No ships in grain corridor during Sevastopol attack – UN

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No ships involved in a UN-brokered Ukraine grain export deal were transiting a Black Sea maritime humanitarian corridor on the night of October 29, when Russia says its vessels in Crimea were attacked in Sevastopol, UN aid chief Martin Griffiths told the U.N. Security Council on 31 October.

Stressing that the Joint Coordination Center of the initiative has been impartial all this time, Griffiths addressed Russian accusations:

“I wish to stress three points related to the alleged connection to the Initiative of the Sevastopol attacks and the damage to Russian military vessels and infrastructure.

  1. Firstly, to be clear, no military vessels, aircraft or assets are, or have been, involved in support of the Initiative by any party. They are not required. In fact, they are prohibited from going closer than ten nautical miles to the cargo ships, according to procedures agreed by all the parties.
  2. Secondly, the corridor itself is just lines on a chart: When Initiative vessels, vessels involved in the Black Sea Grain Initiative, are not in the area, the corridor has no special status. It provides neither cover nor protection for offensive or defensive military action. It’s not a shield, it’s not a hideout, it’s not a no-go zone. These things come into play when a ship passes through those lines on the sea.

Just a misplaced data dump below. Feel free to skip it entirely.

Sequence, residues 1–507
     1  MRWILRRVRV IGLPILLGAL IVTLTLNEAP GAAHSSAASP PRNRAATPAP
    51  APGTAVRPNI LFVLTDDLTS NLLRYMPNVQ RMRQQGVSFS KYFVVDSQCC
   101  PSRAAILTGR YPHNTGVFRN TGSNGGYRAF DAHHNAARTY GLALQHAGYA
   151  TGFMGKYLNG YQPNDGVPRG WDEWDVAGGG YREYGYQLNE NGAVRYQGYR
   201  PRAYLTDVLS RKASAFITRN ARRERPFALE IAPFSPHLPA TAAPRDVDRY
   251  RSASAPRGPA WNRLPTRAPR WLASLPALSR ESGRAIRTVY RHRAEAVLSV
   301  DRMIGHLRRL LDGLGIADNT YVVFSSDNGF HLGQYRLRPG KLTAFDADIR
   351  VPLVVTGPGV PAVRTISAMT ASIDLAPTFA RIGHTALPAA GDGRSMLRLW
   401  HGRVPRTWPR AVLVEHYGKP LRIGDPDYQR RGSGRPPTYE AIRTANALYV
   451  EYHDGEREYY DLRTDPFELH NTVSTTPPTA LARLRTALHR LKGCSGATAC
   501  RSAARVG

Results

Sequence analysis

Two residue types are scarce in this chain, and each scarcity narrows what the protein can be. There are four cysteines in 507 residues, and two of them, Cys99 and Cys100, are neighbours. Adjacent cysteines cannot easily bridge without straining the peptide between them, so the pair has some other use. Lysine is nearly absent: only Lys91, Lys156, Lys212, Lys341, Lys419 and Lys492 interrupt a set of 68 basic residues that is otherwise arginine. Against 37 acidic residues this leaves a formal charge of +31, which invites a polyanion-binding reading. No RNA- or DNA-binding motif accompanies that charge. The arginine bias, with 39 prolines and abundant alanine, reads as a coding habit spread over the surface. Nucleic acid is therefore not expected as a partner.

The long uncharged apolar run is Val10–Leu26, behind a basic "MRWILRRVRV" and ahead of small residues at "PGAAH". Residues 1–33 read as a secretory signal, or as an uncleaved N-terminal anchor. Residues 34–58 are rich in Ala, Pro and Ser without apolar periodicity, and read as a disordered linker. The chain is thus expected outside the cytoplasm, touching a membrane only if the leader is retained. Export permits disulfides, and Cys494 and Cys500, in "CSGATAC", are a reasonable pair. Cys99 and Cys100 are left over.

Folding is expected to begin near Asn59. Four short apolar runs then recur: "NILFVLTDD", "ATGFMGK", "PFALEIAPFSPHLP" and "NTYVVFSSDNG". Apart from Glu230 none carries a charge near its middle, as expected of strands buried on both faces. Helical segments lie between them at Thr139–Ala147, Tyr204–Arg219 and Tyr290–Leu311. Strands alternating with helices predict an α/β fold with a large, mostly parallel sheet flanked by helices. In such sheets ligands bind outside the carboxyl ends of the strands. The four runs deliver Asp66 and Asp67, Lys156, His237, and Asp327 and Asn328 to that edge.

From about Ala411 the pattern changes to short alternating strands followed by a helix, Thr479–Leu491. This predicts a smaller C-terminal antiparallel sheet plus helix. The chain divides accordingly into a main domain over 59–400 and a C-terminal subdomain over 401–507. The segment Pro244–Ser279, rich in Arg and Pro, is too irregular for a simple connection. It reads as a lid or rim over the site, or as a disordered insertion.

3. Third, coming to alleged misuse of cargo vessels in the Initiative for military purposes, none were in the corridor on the night of 29 October when the reported attacks took place. No vessel reported an incident over the weekend. So we are ready to consider and inquire into any evidence that is reported to us in the JCC.

All sides decided in the JCC that this Initiative should be entirely civilian in nature. Rather than escorts, as was imagined by some, or patrols, the safety of shipping is protected by the commitments of Ukraine and the Russian Federation. Both commit not to attack ships and related port facilities, under paragraph C of the agreement signed on 22 July in Istanbul.”

On October 29, Russia announced that it was suspending participation in the implementation of the “grain deal” allegedly because of the “terrorist attack” in Sevastopol Bay on 29 October.

The Russian Defense Ministry said that the target of the attack in the Sevastopol Bay were the ships of the Black Sea Fleet, which were allegedly involved in ensuring the security of the grain corridor.

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